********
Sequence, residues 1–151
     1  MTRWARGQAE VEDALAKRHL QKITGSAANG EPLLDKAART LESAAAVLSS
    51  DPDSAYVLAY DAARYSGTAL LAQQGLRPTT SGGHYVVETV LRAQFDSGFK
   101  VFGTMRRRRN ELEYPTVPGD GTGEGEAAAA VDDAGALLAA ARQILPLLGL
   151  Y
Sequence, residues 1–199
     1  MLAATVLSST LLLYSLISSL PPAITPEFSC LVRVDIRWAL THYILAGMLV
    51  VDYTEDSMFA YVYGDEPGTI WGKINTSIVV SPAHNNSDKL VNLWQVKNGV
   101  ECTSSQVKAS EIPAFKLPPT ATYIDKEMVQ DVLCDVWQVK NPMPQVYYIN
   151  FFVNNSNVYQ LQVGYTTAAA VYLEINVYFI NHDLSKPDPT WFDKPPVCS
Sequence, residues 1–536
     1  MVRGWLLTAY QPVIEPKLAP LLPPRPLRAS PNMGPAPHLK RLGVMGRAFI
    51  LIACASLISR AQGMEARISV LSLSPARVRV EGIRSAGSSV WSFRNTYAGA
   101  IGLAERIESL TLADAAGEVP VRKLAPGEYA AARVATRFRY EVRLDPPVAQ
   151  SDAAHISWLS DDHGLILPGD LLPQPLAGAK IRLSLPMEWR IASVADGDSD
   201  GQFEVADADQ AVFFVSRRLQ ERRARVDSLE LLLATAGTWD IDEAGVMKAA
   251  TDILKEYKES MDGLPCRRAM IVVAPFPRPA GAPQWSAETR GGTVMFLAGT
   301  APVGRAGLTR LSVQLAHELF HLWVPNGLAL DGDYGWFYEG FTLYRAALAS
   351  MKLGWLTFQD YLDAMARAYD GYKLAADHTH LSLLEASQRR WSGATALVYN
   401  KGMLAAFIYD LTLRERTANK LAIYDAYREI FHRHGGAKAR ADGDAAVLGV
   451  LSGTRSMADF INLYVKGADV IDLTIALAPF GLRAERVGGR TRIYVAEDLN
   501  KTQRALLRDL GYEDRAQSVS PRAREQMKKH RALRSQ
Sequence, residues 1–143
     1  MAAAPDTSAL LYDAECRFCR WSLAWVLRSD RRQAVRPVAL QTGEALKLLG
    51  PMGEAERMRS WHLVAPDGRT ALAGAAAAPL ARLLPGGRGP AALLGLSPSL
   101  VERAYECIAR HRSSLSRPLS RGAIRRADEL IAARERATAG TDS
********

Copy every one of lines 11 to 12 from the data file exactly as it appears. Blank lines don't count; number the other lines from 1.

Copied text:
Sequence, residues 1–536
     1  MVRGWLLTAY QPVIEPKLAP LLPPRPLRAS PNMGPAPHLK RLGVMGRAFI